Institute for Justice and Democracy in Haiti

Temporary Protected Status Re-Registration Period Extended

The US Department of Homeland Security has extended the Temporary Protected Status re-registration period to July 22, 2014. While TPS re-registration was originally set to end May 2, 2014, DHS encourages beneficiaries to reapply as soon as possible.

US extends Temporary Protected Status for Haitians

Jamaica Observer
May 3, 2014

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WASHINGTON (CMC) – The United States is extending the re-registration deadline for Haitian nationals who have already been granted Temporary Protected Status (TPS) and seek to maintain that status for an additional 18 months.

The Citizenship and Immigration Services (USCIS) says the Department of Homeland Security (DHS) is extending the deadline to July 22, this year and that it “strongly encourages Haitian TPS beneficiaries to apply as soon as possible”.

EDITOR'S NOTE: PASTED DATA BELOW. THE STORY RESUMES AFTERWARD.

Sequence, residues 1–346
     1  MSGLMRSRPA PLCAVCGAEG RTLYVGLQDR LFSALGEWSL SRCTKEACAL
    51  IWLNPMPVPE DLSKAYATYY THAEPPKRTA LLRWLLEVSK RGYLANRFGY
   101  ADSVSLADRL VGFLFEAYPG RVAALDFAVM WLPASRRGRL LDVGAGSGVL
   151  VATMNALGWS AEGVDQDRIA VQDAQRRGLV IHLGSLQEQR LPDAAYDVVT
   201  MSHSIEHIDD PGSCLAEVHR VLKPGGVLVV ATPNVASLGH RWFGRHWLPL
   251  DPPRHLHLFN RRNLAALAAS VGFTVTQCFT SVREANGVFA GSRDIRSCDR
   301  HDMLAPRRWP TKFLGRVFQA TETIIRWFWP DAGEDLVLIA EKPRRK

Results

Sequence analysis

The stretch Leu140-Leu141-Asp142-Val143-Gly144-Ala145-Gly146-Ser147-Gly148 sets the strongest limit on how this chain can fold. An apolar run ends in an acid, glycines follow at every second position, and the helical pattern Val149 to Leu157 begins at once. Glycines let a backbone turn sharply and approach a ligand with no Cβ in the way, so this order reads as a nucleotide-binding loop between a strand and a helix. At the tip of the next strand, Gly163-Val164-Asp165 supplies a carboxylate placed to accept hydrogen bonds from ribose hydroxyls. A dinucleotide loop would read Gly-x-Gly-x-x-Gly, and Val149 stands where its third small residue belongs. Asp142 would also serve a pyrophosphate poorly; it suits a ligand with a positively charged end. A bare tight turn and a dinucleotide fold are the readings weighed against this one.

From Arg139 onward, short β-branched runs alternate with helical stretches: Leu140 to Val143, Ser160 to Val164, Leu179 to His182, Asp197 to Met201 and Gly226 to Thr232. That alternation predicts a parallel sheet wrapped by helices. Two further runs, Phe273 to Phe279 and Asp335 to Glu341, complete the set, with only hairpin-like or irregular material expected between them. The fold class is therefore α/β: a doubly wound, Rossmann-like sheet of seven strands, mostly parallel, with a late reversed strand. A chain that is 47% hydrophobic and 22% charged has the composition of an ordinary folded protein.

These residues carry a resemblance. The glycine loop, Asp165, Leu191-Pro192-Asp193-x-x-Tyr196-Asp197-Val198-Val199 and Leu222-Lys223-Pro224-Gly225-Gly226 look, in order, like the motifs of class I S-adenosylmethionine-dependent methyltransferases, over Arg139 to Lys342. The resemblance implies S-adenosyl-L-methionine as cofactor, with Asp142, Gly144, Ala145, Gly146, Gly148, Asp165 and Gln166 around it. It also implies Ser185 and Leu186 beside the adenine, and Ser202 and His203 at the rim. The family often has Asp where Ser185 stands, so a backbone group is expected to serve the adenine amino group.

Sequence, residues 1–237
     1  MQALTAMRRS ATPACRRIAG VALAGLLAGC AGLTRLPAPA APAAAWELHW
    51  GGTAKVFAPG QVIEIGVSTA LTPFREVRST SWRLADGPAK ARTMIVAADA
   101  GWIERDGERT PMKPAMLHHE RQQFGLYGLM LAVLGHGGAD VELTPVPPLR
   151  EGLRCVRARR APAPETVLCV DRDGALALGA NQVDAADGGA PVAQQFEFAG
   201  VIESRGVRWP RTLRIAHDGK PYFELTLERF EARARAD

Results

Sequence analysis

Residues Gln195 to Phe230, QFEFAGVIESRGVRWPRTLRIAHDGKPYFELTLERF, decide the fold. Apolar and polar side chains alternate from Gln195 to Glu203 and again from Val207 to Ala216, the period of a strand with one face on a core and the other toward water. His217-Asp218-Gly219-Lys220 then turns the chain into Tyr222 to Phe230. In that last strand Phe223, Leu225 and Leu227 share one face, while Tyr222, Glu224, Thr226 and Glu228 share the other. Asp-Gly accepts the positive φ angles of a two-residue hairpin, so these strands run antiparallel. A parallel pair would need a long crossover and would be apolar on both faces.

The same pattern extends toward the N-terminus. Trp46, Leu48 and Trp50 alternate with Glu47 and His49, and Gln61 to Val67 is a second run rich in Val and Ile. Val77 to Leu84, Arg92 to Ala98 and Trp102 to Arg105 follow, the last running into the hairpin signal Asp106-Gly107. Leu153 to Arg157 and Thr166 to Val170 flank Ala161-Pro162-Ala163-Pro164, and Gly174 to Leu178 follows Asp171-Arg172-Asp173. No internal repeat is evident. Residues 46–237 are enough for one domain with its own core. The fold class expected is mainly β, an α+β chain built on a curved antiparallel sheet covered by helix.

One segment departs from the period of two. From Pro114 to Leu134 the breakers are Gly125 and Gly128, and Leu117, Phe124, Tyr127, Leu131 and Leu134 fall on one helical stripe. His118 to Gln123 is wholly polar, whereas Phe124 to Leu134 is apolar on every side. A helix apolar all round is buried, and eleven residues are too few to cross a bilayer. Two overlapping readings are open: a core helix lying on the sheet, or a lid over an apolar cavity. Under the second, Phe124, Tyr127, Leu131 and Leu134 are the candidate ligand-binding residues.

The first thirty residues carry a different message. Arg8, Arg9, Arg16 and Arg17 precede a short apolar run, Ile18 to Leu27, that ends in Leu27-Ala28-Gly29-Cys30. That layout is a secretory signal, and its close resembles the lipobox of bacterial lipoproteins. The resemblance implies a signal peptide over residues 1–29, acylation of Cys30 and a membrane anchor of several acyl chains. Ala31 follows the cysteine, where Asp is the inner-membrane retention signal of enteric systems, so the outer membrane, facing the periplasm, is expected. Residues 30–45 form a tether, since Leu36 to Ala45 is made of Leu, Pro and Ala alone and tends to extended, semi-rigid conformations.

USCIS said about 51,000 TPS Haiti beneficiaries are expected to file for re-registration.

It said TPS is not available to Haitian nationals who have not continuously resided in the United States since January 12, 2011.

USCIS said individuals seeking to re-register do not need to pay the Form I-821 application fee.

However, all re-registrants 14 years of age and older must pay a biometric services fee or submit a fee waiver request, USCIS said.

It said all re-registrants seeking employment authorisation through January 22, 2016, must also submit the Form I-765 fee (or a fee-waiver request).

“Failure to submit the required filing fees or a properly documented fee-waiver request will result in the rejection of the re-registration application,” it warned.

The US Secretary of Homeland Security may designate a foreign country for TPS due to conditions in the country that temporarily prevent the country’s nationals from returning safely, or in certain circumstances, where the country is unable to handle the return of its nationals adequately.

The US first granted TPS to undocumented Haitians living in the United States shortly after the January 12, 2010 massive earthquake in Haiti.

 

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